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Jerry L. Shultz: A Wonderful Life!

By Gina Valencia

Photo by Monique Kuhlman

It was the dead of night. The garage door was wide open, as was the door that led from the garage to the inside of the house. All lights were off, no one was around, except for two men who noticed all this from the street.

They pulled over, got out with flashlights, and peeked around.

They went to the front door and rang the doorbell.

Nothing.

They knocked.

Nothing.

They went around to the rear of the house and knocked on the bedroom window.

“We woke up the owners, who were obviously terrified,” Jerry Shultz said. “They forgot to close and lock the doors before going to bed. Their Ring doorbell batteries were dead.”

Jerry helped start the South of Conant Neighborhood Watch group in 2018, after his son’s catalytic converter and a neighbor’s antique car were stolen. He and a handful of dedicated volunteers daily patrol the neighborhood bordered by Woodruff Ave/Conant St/Clark Ave/Spring St. They’ve informed homeowners of opened vehicle doors, packages left on porches, and bicycles forgotten on the lawn. They’ve located missing persons, stolen property, even lost pets.

“Every night, we see something.”


Jerry’s dedication propelled Long Beach native Shawn Fitzpatrick, owner of University Trophies & Awards, to nominate Jerry as a Community Hero.


“What Jerry and his team have been doing with the neighborhood patrol…has stopped numerous crimes,” he said. “[They] patrol ALL hours of the day and night to keep our neighborhood safer.”

FROM LAW ENFORCMENT TO CRIME PREVENTION

Jerry, 76, has worn many hats in his lifetime: Army non-commissioned officer, Vietnam veteran, deputy sheriff, councilman, private investigator, and volunteer with numerous organizations. “When a volunteer is needed, I’m always raising my hand.”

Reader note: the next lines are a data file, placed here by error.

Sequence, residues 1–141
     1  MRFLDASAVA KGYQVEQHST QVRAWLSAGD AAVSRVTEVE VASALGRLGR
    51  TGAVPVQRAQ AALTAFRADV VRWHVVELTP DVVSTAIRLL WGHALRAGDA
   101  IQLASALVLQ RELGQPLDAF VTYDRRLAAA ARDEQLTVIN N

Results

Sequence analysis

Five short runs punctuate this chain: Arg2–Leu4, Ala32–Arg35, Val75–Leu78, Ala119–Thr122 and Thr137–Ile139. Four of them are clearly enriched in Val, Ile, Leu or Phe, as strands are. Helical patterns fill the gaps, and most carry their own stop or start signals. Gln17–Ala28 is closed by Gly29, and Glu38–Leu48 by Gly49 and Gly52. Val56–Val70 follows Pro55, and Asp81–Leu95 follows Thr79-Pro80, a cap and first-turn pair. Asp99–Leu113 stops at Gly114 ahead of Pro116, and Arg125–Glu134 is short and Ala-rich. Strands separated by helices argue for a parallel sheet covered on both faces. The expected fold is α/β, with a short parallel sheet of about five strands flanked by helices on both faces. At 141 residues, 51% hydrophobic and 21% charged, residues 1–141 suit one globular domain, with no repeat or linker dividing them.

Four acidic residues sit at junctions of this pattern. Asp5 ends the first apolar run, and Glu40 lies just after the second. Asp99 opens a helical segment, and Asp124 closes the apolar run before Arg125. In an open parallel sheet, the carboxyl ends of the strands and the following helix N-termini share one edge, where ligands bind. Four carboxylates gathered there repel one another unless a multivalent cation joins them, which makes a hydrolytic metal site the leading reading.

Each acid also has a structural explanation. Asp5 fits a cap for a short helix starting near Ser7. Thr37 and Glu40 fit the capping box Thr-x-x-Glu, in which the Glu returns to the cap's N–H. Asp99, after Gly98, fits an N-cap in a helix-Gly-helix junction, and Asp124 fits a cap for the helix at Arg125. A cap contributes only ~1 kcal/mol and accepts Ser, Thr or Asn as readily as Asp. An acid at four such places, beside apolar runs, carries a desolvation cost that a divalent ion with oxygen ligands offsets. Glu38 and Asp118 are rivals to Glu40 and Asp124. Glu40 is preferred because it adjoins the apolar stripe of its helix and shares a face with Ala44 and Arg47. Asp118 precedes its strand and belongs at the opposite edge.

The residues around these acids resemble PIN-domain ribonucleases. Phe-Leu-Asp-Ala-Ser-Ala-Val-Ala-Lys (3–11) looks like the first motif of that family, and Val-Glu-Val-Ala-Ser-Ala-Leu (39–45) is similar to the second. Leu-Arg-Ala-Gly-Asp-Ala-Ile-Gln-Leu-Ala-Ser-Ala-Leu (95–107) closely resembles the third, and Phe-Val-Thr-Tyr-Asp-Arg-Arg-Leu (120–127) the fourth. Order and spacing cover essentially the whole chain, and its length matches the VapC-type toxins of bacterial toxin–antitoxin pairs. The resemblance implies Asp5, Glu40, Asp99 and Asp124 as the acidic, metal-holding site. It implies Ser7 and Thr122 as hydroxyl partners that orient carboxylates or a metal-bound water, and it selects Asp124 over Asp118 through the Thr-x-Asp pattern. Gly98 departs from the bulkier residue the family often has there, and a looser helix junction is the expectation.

This willingness to say ‘yes’ to opportunities has guided his life.


After enlisting in the Army in 1964, Jerry experienced much for a “poor country boy” from an unstable home in Pennsylvania, by traveling the world and learning a foreign language. “Travel opens your eyes.”


Jerry’s ‘core’ volunteer group includes retired first responders, an engineer, and a butcher. Jerry’s hope is to help people help themselves. “There’s a lot of preventable crimes we try to warn people about.”

A HEART FOR OTHERS

His erratic childhood, bouncing from one relative’s house to another, taught him empathy for those experiencing homelessness. An encounter with a homeless man sparked a conversation about gratitude.

“He was smiling and whistling as he and his little brown dog meandered across the asphalt.

The man had lost his job and his apartment, yet he was ‘thankful for his dog, his shopping cart, and the partially eaten sandwich he pulled from his pocket.’

“We [volunteers] carry a bin in our trucks with sleeping bags, toiletries, and restaurant gift cards. Not all homeless are thieves, and not all thieves are homeless.”


IT’S A WONDERFUL LIFE

“The newer generation… needs to connect to their neighborhoods. If everyone volunteered just 8 hours a month, what a wonderful country we’d have!”


All are invited to their monthly Watch meetings held the first Thursday of the month at St. Luke’s Church at 7pm. Besides neighborhood updates, they have speakers on interesting topics, including beekeeping and photography.


After battling cancer, Jerry powers through with new goals. He aspires to write children’s books. And is working on a new venture with his team, “Without them, none of this would work.”

Project NICE (Neighborhood Improvement and Clean-up Effort) hopes to get more neighbors involved in beautifying their communities.

“A sign in my office reads, ‘It’s a wonderful life,’” Jerry said. “I’ve told my wife, after I pass, I want her to change it to say: It WAS a wonderful life.”

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